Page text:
Host-Pathogen Interactions in Pseudomonas aeruginosa Invasive and Respiratory Tract Infection

Research output: ThesisDoctoral Thesis (compilation)


Pseudomonas aeruginosa is an opportunistic bacterium that causes debilitating infections when the immune defence is compromised. It possesses an arsenal of virulence traits to colonize most compartments of the body and is often highly resistant against commonly used antimicrobial drugs.
Outer membrane vesicles (OMV) are spheres released from Gram-negative bacteria. They are packed with proteins, including beta-lactamase. By exploring OMV from a pathogen related to P. aeruginosa (Moraxella catarrhalis) we discovered that beta-lactamase inside OMV was protected from neutralization by IgG and could protect bacteria from amoxicillin.
Many pathogens avoid killing by the complement system by capturing complement regulators at their bacterial surface. We found that P. aeruginosa from the airways bound more vitronectin than other clinical isolates. By using a proteomic approach, we identified vitronectin-binding adhesins and found that Pseudomonas uses Porin D to capture vitronectin on its surface.
To investigate the in vivo importance of vitronectin-binding, we analysed vitronectin concentrations in bronchoalveolar lavage fluid (BALF). Patients with pneumonia had significantly higher concentrations than control subjects. This vitronectin increase was confirmed by pulmonary exposure of endotoxins to healthy volunteers. We also found that bacteria could capture vitronectin from BALF and subsequently survive challenge with serum. Immunocytochemistry indicated that epithelial cells produced vitronectin. This production was confirmed in vitro and was triggered by OMV-dependent stimulation of epithelial cells.
Finally, after collecting data on bacteraemic P. aeruginosa episodes, we investigated the effect of comorbidities, treatment, and microbiological characteristics on the outcome of bacteraemia. The choice of treatment was critical, particularly choosing a combination-treatment including ciprofloxacin was beneficial. Moreover, respiratory origin of the infection correlated to high mortality, indicating that compartment-specific factors impacted the outcome.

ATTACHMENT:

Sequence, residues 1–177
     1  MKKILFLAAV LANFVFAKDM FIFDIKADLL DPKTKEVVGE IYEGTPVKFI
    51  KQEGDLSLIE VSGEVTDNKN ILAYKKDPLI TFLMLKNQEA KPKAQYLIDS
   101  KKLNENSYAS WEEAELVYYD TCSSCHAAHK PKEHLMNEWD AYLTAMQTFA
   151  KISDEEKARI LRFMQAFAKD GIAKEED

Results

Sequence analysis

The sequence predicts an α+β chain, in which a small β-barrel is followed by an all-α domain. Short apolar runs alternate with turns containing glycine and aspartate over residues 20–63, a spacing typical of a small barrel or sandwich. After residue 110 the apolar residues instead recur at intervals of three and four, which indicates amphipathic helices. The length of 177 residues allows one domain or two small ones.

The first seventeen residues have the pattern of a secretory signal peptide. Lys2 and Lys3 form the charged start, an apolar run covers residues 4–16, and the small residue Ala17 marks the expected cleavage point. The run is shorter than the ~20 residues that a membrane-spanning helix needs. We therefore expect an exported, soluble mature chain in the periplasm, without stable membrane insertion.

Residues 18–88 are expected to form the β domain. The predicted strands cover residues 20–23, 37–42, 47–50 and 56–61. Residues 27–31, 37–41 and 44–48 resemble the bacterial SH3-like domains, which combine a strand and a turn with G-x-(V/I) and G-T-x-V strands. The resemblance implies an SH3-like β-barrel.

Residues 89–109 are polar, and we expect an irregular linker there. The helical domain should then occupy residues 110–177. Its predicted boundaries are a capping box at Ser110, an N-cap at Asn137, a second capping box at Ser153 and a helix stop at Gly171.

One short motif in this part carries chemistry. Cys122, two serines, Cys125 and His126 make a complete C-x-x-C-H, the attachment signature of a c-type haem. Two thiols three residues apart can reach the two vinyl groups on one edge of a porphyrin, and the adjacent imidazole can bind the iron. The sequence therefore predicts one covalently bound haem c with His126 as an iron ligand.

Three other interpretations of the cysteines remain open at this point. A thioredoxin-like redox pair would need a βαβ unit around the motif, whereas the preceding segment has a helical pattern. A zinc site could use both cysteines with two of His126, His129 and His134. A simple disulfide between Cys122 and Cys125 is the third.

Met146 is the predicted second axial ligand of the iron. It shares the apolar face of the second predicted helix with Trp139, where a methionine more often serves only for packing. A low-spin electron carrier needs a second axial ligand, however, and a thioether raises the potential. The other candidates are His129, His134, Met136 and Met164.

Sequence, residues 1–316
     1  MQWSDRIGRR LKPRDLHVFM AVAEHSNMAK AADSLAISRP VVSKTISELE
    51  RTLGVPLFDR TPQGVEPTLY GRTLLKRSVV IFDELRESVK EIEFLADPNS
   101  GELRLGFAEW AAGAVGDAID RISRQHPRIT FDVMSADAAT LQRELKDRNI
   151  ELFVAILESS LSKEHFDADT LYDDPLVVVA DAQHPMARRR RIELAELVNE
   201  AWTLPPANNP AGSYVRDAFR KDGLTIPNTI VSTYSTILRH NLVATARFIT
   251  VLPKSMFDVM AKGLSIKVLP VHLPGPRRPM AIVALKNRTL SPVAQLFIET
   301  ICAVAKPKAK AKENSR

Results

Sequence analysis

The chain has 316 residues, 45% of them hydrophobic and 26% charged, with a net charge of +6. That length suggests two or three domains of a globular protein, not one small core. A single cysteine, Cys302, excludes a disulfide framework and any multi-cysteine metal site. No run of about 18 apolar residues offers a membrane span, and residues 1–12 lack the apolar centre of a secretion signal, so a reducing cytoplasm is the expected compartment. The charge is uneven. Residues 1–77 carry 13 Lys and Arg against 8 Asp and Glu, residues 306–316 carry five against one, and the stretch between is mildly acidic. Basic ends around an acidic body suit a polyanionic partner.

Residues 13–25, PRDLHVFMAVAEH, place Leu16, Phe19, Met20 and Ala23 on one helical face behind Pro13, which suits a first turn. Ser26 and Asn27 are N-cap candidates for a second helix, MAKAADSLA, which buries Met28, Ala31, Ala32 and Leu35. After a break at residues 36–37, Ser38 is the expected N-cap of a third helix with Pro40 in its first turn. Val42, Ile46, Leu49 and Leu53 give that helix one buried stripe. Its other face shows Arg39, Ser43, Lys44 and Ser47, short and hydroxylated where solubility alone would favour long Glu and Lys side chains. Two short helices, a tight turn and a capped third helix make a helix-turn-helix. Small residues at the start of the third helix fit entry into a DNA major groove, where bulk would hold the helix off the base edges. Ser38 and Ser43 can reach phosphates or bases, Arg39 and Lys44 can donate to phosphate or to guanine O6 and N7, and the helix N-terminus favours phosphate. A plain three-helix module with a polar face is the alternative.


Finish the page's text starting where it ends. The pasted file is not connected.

In conclusion, interactions between the host and bacteria are multifaceted and P. aeruginosa utilizes outer membrane proteins and vesicles to protect against the attacks of the human immune system.


Research areas and keywords

Subject classification (UKÄ) – MANDATORY

  • Medical and Health Sciences


  • Pseudomonas aeruginosa, vitronectin, Respiratory tract infections, Innate Immunity, outer membrane vesicles, outer membrane proteins, beta-lactamase, ciprofloxacin, combination treatment, bacteraemia, Complement escape
Original languageEnglish
Awarding Institution
Supervisors/Assistant supervisor
Award date2017 May 24
Place of PublicationLund
  • Lund University: Faculty of Medicine
Print ISBNs978-91-7619-451-5
Publication statusUnpublished - 2017
Publication categoryResearch

Bibliographic note

Defence details Date: 2017-05-24 Time: 13:00 Place: Föreläsningssalen, Patologihuset, Jan Waldenströmsgata 59, Skånes universitetssjukhus i Malmö. External reviewer(s) Name: Bergman, Peter Title: associate professor Affiliation: Karolinska Institutet, Stockholm --- ISSN: 1652-8220 Lund University, Faculty of Medicine Doctoral Dissertation Series 2017:71

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